Merton of the Movies (novel)

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Merton of the Movies is a comic novel by Harry Leon Wilson. It was adapted into a stage play and three films. Wilson, a writer and novelist, wrote the book after a brief stint in Hollywood. Merton of the Movies was published in the Saturday Evening Post in 1919[1] and published as a book in 1922. Thomas Hischak described Merton of the Movies as a "light-hearted romp" with characters "cartoonish but endearing".[2] The novel sold millions of copies[2] and has been adapted to other media several times.

Premise and plot[edit]

Small-town bumpkin Merton Gill fantasizes about joining the glamorous world of silent films, and takes a correspondence school course in acting. He travels to Hollywood, where he is disillusioned by the foibles of his screen idols. He is befriended by comedienne and stuntwoman Flips Montague, who helps him land a bit part, which he bungles so badly with his comically inept acting that the studio is inspired to use him for comedy. Gill becomes a comedy star, delivering lines that he thinks are serious straight drama.[2][3][4]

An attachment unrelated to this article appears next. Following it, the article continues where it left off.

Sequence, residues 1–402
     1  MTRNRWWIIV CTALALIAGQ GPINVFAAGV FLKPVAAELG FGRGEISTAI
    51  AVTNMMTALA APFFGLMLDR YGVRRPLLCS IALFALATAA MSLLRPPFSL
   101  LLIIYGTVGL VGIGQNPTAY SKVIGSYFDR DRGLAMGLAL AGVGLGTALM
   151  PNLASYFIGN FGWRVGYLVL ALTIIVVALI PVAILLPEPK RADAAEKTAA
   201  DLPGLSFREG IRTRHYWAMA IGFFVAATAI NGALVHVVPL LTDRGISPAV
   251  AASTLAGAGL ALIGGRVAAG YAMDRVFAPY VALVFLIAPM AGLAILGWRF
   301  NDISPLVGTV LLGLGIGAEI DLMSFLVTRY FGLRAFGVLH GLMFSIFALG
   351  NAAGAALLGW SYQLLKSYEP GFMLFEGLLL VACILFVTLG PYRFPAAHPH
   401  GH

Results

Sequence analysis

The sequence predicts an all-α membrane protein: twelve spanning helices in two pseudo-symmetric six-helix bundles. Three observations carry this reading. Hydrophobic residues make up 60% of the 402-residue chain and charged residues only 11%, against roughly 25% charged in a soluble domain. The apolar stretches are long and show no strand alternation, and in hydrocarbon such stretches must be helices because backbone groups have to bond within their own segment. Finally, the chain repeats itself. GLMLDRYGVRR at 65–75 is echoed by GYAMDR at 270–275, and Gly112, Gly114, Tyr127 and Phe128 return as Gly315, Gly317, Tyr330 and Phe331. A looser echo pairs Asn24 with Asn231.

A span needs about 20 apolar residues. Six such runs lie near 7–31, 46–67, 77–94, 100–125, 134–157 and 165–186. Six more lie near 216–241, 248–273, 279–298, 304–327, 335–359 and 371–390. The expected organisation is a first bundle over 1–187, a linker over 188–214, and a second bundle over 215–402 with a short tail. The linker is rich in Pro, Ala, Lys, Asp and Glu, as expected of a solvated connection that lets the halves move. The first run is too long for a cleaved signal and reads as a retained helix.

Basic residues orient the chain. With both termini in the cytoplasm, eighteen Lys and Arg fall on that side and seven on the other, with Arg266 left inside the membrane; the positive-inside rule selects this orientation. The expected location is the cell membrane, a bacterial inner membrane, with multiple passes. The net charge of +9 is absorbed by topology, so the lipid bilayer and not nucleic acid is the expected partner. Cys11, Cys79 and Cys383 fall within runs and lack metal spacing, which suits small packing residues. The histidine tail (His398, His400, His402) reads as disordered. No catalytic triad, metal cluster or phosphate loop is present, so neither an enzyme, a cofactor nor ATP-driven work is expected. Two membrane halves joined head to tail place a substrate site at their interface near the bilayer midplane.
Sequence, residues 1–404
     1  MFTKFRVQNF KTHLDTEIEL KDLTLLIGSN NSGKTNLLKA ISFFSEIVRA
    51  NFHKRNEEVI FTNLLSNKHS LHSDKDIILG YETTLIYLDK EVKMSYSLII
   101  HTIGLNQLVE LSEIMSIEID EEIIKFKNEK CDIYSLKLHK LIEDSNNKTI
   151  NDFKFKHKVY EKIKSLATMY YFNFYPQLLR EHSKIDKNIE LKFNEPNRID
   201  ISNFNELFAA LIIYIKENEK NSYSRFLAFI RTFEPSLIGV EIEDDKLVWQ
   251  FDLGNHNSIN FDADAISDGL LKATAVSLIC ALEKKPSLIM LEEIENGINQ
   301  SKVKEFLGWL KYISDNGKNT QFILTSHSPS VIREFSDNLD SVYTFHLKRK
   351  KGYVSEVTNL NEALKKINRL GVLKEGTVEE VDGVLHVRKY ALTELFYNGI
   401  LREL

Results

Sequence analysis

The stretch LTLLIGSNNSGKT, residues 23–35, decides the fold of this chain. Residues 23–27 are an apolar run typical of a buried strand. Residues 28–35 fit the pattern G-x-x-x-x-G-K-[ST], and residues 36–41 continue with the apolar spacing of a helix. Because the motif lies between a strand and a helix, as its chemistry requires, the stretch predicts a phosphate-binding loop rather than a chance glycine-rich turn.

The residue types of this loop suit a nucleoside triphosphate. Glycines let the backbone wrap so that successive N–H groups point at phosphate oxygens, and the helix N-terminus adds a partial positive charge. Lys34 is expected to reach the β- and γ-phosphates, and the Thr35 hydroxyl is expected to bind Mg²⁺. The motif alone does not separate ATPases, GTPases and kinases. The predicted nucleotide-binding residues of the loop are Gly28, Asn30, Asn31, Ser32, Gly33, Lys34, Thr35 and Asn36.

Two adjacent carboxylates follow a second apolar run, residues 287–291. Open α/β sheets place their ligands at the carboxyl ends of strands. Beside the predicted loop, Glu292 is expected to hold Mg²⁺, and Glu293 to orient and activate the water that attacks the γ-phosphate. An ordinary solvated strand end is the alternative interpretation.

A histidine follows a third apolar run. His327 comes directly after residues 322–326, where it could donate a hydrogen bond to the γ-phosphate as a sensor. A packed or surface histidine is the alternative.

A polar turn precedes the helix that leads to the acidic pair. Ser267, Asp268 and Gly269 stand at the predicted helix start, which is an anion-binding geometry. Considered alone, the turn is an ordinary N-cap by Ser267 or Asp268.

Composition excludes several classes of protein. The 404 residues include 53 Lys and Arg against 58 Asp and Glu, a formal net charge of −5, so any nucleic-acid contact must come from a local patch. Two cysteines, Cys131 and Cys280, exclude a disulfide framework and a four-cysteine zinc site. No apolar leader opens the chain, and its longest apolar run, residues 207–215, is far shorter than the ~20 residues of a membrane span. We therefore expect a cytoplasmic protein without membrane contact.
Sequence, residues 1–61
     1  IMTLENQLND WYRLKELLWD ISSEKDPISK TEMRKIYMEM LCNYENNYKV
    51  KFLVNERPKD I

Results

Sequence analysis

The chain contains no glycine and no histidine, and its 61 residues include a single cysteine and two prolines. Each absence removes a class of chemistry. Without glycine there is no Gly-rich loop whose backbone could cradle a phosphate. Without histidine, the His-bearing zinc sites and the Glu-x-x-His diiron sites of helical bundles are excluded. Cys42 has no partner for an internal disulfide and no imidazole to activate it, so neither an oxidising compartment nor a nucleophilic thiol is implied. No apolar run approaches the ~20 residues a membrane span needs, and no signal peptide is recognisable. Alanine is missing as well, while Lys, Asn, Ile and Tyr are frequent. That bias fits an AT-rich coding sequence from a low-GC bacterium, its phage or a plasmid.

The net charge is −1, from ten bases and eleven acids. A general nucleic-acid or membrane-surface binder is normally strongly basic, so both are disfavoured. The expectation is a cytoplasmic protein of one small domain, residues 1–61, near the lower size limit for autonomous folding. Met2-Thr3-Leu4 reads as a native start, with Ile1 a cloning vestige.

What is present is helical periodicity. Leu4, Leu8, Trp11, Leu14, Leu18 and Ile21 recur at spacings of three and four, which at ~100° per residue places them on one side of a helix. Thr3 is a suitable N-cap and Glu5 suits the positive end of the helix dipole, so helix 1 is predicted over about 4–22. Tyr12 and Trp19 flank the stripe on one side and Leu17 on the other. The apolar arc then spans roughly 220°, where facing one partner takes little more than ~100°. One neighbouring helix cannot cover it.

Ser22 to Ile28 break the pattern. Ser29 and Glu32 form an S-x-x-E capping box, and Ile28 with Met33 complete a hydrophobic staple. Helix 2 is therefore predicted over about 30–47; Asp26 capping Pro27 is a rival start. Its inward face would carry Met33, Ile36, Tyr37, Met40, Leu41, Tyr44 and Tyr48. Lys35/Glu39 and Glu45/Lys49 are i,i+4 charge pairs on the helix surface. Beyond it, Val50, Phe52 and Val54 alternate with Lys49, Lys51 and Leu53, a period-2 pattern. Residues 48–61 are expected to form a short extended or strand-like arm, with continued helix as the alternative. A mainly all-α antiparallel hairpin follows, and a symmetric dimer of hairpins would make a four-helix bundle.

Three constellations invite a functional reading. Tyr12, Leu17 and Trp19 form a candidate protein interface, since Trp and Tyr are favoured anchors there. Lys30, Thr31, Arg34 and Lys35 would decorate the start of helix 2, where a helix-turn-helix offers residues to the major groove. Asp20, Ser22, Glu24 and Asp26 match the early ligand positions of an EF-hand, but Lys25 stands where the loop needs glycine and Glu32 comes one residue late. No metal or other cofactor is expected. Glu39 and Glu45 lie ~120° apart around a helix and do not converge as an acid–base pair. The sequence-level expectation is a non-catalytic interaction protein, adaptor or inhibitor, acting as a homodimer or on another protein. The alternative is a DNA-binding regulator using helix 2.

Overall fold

1. ^ "Merton of the Movies (California Legacy Book)". Abe Books. Missing or empty |url= (help)
  2. ^ a b c Hischak, Thomas S. (2012). American Literature on Stage and Screen: 525 Works and Their Adaptations. McFarland. p. 144. ISBN 978-0786468423. Retrieved February 20, 2017.
  3. ^ Fritzi Kramer (April 25, 2013). "Silent Movie Bookshelf: Merton of the Movies by Harry Leon Wilson". Movies Silently. Retrieved February 20, 2017.
  4. ^ "Merton of the Movies". Retrieved February 20, 2017.
  5. ^ "Merton of the Movies". The Judy Room. Retrieved February 20, 2017.
  6. ^ "Garland-Rooney to Star On "Radio Theater" Hour". Youngstown Vindicator (Ohio). 1941-11-17. p. 11. Retrieved 2020-10-09.
  7. ^ John Corry (January 21, 1977). "Broadway". New York Times. Retrieved February 20, 2017.
  8. ^ Andrew Gans (April 7, 2011). "Merton of the Movies Musical Reading to Feature Josh Grisetti, Celina Carvajal, Liz Larsen". Playbill. Retrieved February 20, 2017.
  9. ^ Ashley Fox Linton (April 30, 2011). "Spring, Singin' & Savvy..." Chesire Fox. Retrieved February 20, 2017.

Further reading[edit]

External links[edit]